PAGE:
Carissa Douglas at the Dynamic Women of Faith conference. Photo by Sheila Nonato

Christ’s light shines on women of faith

By  Sheila Nonato, Catholic Register Special
  • April 6, 2024

More than 500 women heard the message of hope and seeking the light of Christ to combat fear and hesitation in order to answer God’s call of living as women of faith in their families and communities at the 15th annual Dynamic Women of Faith Conference on March 23.

American Catholic media personality Kathleen Beckman, the keynote speaker, delivered a powerful call to action for women:

“By the fact that you are dynamic women of faith, you are pushing back the darkness and bringing the light of Christ where you are, so keep doing that, please,” Beckman, president and co-founder of the Foundation of Prayer for Priests, encouraged the crowd.

“The message that I want to convey to conference attendees is one of hope and healing. My talks are aimed at equipping women to live out their call to holiness in all vocations,” Beckman told The Catholic Register.

“There is a spiritual battle aimed at the identity of woman, marriage and our children. My exhortation will empathize the Church’s spiritual arsenal that will assure their victory in Christ against the enemies of family, and God.”

During the opening Mass, Toronto’s Cardinal Thomas Collins encouraged attendees to study Scripture because Jesus is real in the Word and in the sacraments.

“The wall between time and eternity is increasingly thin when we come in the presence of the Almighty God,” Collins said in his homily.

Cancer survivor and podcaster Tammy Peterson shared the story of her cancer battle and her family’s unwavering support and  of praying for “courage and strength” during the dark days of battling illness for herself, and illness within her family, as well as the courage to take up a new role in public speaking.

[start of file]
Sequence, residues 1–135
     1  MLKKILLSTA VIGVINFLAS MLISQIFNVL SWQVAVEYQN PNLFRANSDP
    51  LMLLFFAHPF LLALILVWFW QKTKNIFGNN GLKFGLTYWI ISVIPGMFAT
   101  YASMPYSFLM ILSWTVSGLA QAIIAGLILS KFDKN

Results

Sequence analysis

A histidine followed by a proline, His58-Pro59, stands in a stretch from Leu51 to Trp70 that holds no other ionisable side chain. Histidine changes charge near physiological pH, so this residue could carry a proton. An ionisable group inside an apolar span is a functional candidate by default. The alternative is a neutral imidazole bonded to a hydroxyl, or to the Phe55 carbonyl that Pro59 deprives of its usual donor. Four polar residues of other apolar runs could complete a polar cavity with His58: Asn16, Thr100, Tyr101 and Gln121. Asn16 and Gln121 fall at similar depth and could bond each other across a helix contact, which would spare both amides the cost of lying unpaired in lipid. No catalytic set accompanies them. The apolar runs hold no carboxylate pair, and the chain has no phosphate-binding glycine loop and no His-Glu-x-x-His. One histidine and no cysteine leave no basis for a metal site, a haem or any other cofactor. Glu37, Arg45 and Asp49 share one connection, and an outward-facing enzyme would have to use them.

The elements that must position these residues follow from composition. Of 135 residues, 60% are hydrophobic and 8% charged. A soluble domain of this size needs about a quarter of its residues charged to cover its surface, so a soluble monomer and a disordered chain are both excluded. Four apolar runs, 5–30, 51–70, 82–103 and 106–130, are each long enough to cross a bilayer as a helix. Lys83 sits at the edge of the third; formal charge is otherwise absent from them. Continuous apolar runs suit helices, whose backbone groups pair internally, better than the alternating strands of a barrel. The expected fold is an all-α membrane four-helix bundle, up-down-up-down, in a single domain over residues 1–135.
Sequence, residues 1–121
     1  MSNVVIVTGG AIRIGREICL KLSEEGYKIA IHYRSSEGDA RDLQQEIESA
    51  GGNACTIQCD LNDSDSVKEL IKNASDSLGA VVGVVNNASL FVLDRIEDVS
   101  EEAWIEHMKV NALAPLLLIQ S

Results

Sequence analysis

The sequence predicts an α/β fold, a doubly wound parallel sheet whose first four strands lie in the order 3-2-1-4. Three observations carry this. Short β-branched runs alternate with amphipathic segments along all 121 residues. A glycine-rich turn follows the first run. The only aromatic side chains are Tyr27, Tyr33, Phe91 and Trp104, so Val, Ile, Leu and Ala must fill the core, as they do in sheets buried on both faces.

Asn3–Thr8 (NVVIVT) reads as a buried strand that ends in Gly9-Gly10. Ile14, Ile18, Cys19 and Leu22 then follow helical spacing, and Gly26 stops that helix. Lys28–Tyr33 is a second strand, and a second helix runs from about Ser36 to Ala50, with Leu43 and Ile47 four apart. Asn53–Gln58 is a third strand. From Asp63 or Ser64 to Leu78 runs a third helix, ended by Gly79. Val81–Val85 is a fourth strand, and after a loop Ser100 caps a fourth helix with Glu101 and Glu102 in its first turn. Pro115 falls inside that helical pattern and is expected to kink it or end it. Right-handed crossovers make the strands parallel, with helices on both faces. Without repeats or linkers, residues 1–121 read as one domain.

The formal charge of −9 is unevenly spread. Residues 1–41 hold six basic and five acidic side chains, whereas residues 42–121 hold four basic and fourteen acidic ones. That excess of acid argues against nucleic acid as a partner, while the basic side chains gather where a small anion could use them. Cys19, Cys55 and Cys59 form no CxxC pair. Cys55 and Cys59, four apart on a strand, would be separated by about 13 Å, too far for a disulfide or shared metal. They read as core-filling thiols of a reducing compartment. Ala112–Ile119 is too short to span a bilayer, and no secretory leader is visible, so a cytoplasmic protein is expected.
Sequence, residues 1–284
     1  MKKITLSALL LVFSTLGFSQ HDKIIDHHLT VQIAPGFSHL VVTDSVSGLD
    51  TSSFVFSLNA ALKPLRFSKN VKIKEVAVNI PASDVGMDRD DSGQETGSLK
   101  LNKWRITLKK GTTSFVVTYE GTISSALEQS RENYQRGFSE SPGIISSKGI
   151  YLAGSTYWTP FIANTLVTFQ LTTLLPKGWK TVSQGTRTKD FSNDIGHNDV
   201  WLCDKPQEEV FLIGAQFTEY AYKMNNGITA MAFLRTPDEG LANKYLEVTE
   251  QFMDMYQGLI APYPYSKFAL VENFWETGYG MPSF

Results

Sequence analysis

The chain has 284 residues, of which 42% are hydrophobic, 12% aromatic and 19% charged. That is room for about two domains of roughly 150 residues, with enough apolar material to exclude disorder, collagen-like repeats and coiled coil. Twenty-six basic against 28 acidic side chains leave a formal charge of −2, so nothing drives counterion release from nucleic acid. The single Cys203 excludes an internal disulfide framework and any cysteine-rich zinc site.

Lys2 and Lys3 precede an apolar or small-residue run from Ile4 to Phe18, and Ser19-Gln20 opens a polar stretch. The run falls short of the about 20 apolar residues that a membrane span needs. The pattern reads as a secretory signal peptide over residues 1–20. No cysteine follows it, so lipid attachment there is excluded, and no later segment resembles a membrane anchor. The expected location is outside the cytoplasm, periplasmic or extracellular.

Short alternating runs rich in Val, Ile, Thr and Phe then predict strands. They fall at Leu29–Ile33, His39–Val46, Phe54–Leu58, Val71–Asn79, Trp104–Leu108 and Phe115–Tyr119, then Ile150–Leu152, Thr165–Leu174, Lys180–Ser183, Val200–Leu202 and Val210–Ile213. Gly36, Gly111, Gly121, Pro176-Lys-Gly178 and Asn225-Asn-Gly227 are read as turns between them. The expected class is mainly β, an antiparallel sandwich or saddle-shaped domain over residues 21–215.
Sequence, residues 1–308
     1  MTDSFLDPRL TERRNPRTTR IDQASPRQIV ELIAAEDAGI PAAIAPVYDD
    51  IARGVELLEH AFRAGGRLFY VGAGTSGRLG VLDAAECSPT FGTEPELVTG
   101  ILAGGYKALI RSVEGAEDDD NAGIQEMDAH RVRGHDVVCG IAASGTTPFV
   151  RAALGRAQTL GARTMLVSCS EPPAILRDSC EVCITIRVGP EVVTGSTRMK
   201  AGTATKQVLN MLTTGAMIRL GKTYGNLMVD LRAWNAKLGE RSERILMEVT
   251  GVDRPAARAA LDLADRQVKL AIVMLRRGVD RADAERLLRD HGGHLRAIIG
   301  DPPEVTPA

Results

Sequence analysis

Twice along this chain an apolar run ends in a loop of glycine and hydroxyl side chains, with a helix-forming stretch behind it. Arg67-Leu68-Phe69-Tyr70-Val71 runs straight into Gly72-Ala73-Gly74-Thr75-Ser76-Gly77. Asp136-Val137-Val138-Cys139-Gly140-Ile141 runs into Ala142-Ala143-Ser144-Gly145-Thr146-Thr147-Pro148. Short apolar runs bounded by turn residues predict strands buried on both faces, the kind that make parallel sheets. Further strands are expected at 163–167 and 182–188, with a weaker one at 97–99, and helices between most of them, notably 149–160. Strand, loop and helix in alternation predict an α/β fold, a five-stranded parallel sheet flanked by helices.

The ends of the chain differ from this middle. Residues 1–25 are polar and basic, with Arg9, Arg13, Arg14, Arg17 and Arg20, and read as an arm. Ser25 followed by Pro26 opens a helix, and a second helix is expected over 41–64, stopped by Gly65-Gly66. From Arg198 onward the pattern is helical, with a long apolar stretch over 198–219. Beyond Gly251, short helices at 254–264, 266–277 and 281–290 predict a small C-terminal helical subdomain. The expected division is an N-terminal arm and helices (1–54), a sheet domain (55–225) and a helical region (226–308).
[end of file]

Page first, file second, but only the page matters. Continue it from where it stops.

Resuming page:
After doctors diagnosed her as cancer-free, Peterson recalled her prayer to God to speak publicly if she was granted the gift of surviving past the 10 months that doctors said she had left to live, and full recovery from the debilitating illness that came afterwards.

Peterson’s example of boldness and public witness echoed the Dynamic Women of Faith’s tag line: “Get inspired, discover your mission, do something for God.”

“The main goal is for women to do something with the inspiration and insights they get at the conference,” conference organizer Dorothy Pilarski told the Register. 

“We’re made for more than Netflix. We’re made for more than social media,” she told the crowd. “Let’s do an examination of how we use our time and to have more time in front of the Blessed Sacrament.”

While busy women and moms may not always have time to stop by a chapel, having room for prayer, especially for the little ones, can develop and nurture one’s call from God, from childhood onwards.

Dr. Anna Boyagoda, director of the Catechesis of the Good Shepherd for the Archdiocese of Toronto, talked about the Montessori-style method of catechesis for children. The theme of her talk was “creating a space for prayer” where she shared her role in creating a special room for children where they can learn about the Catholic faith.

Boyagoda takes special care and attention to creating “a special room, where everything is just their size, where all the materials are handmade just for them … to help them come closer to God,” she explained in a blog post.

Having a space for prayer also lends itself to the question of our use of time. For Catholics, the special time and special prayer space comes together in the Sunday Mass.

“The Sabbath is the image of freedom,” she said, and Sunday is the day when “the love story between God and man” underscores the covenant between them.

Another covenant that is sacred and is a gift from God is the marriage covenant. Children’s book author and illustrator Carissa Douglas spoke of “becoming a co-creator with God and discovering your mission” about life as a mother of 15 children, from three months old to 21 years of age.

“God sees you and He is going to be faithful in bringing you to your mission and your purpose and vocation,” she said.

Douglas encouraged women to overcome obstacles in finding their vocation which can include perfectionism, and the temptation of doing everything for everyone in the family or attempting to fix everything that’s wrong in the world on our own, without relying upon God’s providence.

She is saddened by the common secular reaction to the question of whether to have children in an imperfect and fallen world.

“That disturbs me because that is our very call, to pick up our Cross and follow Christ.”

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